8. Wow. Wow. I got emotional over this one as well. You, my friend, are an amazing writer. This is one more reminder that the land of empathy and wonder applies everywhere. I suppose there are times when all of us need to recover from being ourselves. Beautiful and amazing, once again, Lizzi. Truly.


  9. This was very hard for me to read without getting emotional. My mom is in a nursing home, so your piece really resonated. So much of what you described, could be every visit I share with her…I cannot always find the positive when I see her. I'm glad you were able to.


  10. I'm sure if there were nice places available for people to just take some time out, without prejudice, for a time, there'd be less crime, fewer desperately unhappy people. Yet for those of us without mental health problems (for now, anyways) we are trapped by the structures of our lives more surely than any caged animal.


  11. This is so powerful and heartbreaking at the same time. That there are so many 'lost' souls who just need a safe place to recover from what this world does to them. Sometimes it is hard enough being you, without all the censure that is involved. Kudos to you for showing the light (along with the dark).


  12. No worries – I getcha now!

    It's certainly something that's not talked about nearly enough, and thanks for your kind words. I was definitely moved by what I saw today, had my heart touched by the people I met, and was humbled to be able to share today with them – they were all utterly marvellous people.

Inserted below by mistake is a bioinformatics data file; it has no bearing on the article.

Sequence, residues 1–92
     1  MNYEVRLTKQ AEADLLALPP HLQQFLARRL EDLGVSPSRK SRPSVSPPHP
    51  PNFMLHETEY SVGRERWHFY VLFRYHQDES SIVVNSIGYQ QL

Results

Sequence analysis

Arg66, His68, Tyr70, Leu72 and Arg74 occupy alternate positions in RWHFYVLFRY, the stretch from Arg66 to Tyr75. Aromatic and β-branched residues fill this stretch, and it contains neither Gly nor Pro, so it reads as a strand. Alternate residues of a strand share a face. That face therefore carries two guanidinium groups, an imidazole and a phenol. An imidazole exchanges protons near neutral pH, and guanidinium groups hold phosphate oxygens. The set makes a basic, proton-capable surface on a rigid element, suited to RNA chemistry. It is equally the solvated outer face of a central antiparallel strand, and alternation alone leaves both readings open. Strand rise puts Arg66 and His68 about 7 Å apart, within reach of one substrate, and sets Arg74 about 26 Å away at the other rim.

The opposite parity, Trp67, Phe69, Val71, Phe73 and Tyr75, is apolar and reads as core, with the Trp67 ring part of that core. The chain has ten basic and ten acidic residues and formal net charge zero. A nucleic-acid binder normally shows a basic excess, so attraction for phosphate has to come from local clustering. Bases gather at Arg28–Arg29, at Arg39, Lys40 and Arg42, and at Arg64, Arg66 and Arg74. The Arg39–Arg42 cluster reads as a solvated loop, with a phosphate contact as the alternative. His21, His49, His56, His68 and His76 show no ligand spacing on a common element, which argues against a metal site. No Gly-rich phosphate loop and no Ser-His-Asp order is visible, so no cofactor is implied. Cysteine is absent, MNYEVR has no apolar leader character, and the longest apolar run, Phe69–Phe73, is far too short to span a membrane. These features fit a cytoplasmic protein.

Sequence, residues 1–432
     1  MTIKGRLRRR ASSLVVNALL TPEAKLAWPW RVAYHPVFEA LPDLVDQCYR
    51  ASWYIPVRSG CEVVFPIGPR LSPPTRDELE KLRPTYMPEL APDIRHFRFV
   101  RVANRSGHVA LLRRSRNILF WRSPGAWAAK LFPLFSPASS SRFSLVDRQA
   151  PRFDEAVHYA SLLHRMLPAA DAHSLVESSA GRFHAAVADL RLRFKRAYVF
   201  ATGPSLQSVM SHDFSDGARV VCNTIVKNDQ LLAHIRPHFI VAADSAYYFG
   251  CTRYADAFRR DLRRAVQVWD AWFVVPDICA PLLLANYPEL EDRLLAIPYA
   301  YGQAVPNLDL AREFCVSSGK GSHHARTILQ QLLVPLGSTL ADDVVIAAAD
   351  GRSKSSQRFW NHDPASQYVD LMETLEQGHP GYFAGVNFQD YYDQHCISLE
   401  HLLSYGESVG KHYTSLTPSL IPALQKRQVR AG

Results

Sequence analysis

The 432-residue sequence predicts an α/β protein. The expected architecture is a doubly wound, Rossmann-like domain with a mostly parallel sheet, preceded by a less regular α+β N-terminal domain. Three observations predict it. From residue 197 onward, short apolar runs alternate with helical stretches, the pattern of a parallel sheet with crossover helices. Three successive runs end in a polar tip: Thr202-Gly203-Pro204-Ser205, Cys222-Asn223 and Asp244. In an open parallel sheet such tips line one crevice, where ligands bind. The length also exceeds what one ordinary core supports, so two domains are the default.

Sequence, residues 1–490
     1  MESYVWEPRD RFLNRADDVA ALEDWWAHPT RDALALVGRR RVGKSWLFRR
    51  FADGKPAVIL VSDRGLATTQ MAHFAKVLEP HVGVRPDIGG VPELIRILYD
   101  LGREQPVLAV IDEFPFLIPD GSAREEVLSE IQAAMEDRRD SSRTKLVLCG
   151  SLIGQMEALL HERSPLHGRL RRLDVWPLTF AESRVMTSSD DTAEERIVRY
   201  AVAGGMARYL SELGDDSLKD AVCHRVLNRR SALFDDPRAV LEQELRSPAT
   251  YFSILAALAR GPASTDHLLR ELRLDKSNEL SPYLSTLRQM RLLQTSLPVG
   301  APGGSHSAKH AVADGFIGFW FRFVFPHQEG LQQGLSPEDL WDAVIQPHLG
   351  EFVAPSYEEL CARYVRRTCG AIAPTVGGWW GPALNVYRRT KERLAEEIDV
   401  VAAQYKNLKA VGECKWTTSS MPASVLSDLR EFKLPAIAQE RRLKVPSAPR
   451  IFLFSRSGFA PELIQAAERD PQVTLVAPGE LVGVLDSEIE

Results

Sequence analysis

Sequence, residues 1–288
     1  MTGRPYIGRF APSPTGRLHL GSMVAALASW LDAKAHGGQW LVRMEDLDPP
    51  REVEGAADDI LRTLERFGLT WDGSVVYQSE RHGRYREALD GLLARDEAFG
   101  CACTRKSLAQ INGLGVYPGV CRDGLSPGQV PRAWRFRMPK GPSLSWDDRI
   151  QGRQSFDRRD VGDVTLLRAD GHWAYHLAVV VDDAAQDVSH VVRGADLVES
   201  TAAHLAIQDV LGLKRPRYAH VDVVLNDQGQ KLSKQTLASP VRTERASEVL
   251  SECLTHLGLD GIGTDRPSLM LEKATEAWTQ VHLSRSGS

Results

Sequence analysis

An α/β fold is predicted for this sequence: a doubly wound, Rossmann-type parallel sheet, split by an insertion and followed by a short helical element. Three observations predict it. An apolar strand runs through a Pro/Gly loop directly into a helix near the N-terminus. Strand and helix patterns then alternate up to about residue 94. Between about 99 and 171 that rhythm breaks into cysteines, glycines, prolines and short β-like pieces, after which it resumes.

13. Wow. This had me in tears. I love how you speak about vulnerable people and people who struggle leading a normal life. How often doesn't that describe us all! You did one of the most amazing jobs I have ever seen of dr stigmatizing mental illness. I'm probably going to come back to your words many times


  14. I daresay they're not all this good – my friend is lucky that she's managed to find such a great place. I had a fascinating time, and the odd thing was (for all the evident deviance from what we call 'The Norm') there was community there and a large dose of very normal, human interaction, but without the frills we often add.


  15. Wow, truly had me pondering what a trip to a place like this would be like. Very interesting and truly unique. Thanks for sharing and sounds like you had very interesting encounter here.